Riyadh admits to using cluster bombs in aggression against Yemen
Iran Press TV
Tue Jan 12, 2016 4:11PM
Saudi Arabia has admitted that its military has used cluster bombs in the aggression against Yemen.
The spokesman for the Saudi military said Tuesday that Riyadh had used cluster bombs in an airstrike on the northwestern areas of Yemen.
Ahmad al-Asiri claimed however that the military used cluster bombs just once in Hajjah Province to attack cars belonging to Yemeni fighters. The attack was carried out nearly nine months ago, when the Riyadh regime began the campaign, the military official said.
The news comes against the backdrop of a growing body of evidence on the use of cluster bombs by Saudi Arabia.
The United Nations and other international organizations say investigators have found remnants of such bombs in Hajjah and around the Yemeni capital, Sana'a.
The UN human rights office said in early January that it had received reports that Saudi forces used cluster bombs in Hajjah, adding that a UN team found remnants of 29 cluster submunitions in the village of al-Odair. Local sources in Hajjah also confirmed the repeated use of the bombs in attacks against villages, saying the airstrikes had caused significant loss of life among the civilians.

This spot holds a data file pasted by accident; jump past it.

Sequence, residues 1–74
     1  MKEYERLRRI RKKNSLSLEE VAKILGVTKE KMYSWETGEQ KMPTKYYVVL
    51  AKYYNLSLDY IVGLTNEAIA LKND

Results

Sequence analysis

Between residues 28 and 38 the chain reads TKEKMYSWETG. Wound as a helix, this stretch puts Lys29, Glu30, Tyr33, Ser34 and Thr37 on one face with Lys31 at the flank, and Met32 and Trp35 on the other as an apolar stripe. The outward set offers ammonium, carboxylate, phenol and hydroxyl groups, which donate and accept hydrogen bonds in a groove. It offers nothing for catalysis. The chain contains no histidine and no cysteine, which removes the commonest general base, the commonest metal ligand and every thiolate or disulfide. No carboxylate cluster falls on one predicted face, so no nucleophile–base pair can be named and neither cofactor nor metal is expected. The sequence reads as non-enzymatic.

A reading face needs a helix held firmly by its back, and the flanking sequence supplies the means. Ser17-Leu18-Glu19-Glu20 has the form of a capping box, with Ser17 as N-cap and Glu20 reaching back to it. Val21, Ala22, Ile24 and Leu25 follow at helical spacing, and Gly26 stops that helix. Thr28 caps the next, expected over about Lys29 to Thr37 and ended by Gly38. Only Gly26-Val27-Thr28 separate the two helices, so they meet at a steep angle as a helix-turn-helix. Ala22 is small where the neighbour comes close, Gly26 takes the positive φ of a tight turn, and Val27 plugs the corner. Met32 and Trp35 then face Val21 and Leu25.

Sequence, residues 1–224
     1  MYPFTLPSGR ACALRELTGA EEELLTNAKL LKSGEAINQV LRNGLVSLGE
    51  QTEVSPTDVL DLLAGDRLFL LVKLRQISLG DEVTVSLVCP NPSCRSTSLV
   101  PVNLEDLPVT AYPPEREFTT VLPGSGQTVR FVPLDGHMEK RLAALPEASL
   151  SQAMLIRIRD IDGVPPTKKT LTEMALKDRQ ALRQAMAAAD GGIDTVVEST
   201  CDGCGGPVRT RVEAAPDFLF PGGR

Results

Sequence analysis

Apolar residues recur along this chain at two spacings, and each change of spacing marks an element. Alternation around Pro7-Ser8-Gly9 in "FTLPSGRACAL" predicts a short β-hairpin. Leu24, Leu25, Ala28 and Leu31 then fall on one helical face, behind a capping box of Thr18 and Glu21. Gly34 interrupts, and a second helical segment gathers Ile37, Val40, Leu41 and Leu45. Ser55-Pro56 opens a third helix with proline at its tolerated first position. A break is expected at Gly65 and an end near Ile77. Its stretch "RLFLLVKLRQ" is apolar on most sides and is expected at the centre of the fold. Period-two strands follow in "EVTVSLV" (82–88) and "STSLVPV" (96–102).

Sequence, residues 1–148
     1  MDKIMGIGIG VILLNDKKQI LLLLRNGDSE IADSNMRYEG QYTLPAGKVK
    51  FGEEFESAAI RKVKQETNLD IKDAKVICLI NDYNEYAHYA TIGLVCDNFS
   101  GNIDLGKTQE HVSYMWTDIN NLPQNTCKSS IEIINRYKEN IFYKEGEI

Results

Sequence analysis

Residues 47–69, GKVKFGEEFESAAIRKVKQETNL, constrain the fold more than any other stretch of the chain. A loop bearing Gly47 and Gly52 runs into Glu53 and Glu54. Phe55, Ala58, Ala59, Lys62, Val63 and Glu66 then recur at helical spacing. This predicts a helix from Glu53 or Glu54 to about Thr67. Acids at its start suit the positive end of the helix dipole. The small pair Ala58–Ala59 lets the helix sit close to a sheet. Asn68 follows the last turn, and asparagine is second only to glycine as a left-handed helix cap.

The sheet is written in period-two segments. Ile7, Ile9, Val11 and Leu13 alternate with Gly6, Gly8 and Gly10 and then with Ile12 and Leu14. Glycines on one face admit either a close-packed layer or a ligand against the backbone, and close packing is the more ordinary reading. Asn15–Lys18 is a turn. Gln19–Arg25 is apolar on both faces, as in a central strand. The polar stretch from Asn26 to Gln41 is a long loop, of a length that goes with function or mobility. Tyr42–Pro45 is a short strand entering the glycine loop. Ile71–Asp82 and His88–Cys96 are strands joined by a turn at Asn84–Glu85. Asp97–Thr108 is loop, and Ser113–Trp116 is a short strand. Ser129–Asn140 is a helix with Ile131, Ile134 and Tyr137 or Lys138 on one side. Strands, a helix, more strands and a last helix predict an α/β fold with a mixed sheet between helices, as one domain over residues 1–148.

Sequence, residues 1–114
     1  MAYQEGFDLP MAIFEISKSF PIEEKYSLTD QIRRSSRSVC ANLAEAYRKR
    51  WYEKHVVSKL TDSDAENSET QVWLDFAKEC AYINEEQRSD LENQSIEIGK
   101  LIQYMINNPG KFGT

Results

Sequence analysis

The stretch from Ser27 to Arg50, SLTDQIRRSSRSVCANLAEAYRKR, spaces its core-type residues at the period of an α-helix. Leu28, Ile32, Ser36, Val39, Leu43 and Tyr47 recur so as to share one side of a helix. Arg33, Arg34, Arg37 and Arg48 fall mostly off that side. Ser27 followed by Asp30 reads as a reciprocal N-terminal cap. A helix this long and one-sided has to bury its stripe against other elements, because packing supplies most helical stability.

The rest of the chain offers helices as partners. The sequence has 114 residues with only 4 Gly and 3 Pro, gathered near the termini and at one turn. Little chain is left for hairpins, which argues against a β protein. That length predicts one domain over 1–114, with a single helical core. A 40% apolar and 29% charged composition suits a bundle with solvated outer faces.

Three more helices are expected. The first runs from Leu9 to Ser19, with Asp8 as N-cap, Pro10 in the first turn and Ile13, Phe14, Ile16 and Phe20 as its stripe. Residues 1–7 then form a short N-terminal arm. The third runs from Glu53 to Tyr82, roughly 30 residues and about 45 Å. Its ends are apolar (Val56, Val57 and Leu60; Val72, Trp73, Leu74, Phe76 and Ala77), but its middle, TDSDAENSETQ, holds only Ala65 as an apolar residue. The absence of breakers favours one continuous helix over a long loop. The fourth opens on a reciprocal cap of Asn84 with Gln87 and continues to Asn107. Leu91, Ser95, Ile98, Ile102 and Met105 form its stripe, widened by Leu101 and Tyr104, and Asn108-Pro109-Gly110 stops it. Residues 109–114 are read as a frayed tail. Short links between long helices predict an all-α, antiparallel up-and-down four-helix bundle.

On January 8, UN Secretary General Ban Ki-moon expressed concern over Saudi Arabia's intensifying airstrikes against civilians. He said, if proved, Riyadh's use of cluster bombs in the capital, Sana'a, may amount to a "war crime."
Reports have emerged over the past days showing that Saudi warplanes have repeatedly pounded with cluster bombs the positions of the Houthi Ansarullah movement and its supporters in Sana'a.
The Saudi aggression began on March 26, 2015 and in a bid to undermine Ansarullah and restore power to the fugitive former president, Abd Rabbuh Mansour Hadi.
Ansarullah and volunteer fighters have also hit back by targeting the Saudi military positions in southern Saudi territories. On Tuesday, at least two Saudi soldiers were killed in a rocket attack launched on several Saudi bases in Jizan Province, according to Manbar al-Yemen, a pro-Houthi website. Attacks were also reported on bases in the neighboring Najran Province, without immediate reports available on potential casualties.
Also on Tuesday, Yemen's al-Masirah reported that over a dozen people, including five women and four children, were killed in a Saudi airstrike on Sana'a.
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